Two Million? Five Million? Real Size of U.S. Blackouts a Mystery


(Bloomberg) — It’s not easy putting a number on what is undoubtedly the largest forced blackout in U.S. history.

If you take the Texas power grid operator’s word for it, the rolling outages that have plunged much of the state into darkness amid an unprecedented cold blast have affected at least two million homes and businesses. If you trust a well-known website that scrapes data from 725 utility outage maps nationwide, it’s about 3.3 million in Texas alone, and 3.6 million across four states. But that may not include rolling outages that some power companies aren’t accustomed to reporting.

And if you’re looking at the sheer size of the power load that fell off of Texas’s power grid Tuesday, you’d think it could be exponentially more: As much as 26,000 megawatts of load have been wiped off the grid managed by the Electric Reliability Council of Texas since Sunday, when the agency warned it would start rolling blackouts to keep the entire system from collapsing, data compiled by Bloomberg show. For reference: A megawatt can power about 200 homes in Texas, according to its grid operator.

The only real way of knowing exactly how many people are being plunged into darkness in one of the worst energy crises America has ever faced would be to call up all of the utilities across the central U.S. cutting power and collect real-time data from them by the second.

But then there’s also the fact that utilities count outages by “customers” rather than actual people. Judging by the average size of a U.S. household, and the amount of load shed in Texas, at least 15 million people may have been plunged into darkness in that state lone.

12 thoughts on “Two Million? Five Million? Real Size of U.S. Blackouts a Mystery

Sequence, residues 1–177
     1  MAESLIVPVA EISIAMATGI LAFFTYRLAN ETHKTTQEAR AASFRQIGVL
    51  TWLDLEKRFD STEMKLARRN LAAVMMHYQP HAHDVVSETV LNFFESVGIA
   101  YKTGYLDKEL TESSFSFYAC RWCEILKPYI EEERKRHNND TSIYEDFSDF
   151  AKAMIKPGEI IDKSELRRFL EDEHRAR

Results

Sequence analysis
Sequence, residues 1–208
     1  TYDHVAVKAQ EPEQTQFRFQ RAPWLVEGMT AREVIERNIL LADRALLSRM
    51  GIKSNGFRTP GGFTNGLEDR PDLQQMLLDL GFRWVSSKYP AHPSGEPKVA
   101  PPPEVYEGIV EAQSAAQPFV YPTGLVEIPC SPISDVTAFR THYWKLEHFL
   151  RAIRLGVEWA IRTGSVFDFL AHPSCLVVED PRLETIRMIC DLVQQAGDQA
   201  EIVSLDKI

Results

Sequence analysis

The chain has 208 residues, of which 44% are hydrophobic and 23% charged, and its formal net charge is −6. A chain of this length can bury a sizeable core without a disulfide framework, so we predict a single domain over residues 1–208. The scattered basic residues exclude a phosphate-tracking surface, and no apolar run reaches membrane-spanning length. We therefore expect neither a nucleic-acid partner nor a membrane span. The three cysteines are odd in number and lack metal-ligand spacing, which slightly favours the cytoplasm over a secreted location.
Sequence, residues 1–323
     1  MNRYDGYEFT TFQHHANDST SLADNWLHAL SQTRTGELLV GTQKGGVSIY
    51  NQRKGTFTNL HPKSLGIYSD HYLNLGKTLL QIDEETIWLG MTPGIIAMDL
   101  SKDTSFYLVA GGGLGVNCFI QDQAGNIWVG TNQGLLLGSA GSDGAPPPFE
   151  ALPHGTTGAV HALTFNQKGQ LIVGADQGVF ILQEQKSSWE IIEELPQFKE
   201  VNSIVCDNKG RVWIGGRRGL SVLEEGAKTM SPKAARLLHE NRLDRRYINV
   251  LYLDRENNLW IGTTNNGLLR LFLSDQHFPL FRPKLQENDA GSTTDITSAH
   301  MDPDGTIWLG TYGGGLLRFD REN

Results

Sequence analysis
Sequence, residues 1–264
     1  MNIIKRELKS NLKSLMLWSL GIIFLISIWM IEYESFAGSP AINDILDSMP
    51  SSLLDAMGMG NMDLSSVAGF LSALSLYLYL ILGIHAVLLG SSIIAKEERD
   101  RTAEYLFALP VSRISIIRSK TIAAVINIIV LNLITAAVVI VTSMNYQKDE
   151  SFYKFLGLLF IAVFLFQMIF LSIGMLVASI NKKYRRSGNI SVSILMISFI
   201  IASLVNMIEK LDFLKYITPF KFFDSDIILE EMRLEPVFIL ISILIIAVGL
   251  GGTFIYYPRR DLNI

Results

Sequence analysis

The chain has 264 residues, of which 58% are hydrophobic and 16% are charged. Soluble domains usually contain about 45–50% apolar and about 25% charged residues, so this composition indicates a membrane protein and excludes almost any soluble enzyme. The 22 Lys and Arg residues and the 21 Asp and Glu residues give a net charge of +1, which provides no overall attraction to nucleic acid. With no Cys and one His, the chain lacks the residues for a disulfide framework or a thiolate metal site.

1. We’ve still got power, had it flicker a bit this morning, but didn’t shut down. We’re using the stored water we put aside because the well is shut off so it doesn’t freeze.
    I woke up in the winter apocalypse several days ago.

        1. And there’s a reason for that, right? You live where there is an actual winter with snow and ice. We don’t, well we didn’t until the sun became less active. Welcome to winter Texans. Get prepared.

          1. Yup Katie, get prepared is right. The winters everywhere will be colder than usual and the growing seasons shorter.

          2. No, they gave you our winter to see how many more of our old people they can kill off with smoke this summer.
            I couldn’t come close to crying this year. Didn’t want Jim and Mary and Hal teasing me.

  2. My power here in Mckinney, TX has been coming on every other hour for the past few days. Finally got hot water back today as it is finally warming up a little.

    Texas has no clue how to deal with a few inches of snow or a cold winter storm. Coming from a person who grew up in Buffalo, NY, I find it kinda pathetic and downright hilarious.

    Oh well. I guess having a fireplace in Dallas is good for something now. LOL!

    1. I’m not from or in Texas and I’m certainly not arguing with you BUT I seriously doubt the weather had anything to do with it.. these fuks lie when the truth is easier. i have no doubt they turned it off for whatever horshit reason and just blame it on weather cause we have NO WAY to prove it yea or nay. EVIL. that’s who they are that’s what they do. I’ve NEVER seen power go out because it snowed or iced. as far as that kind of weather.. Texas and Alabama ain’t so different. it’s all lies just to get us mad at the wrong things.. take care good luck.

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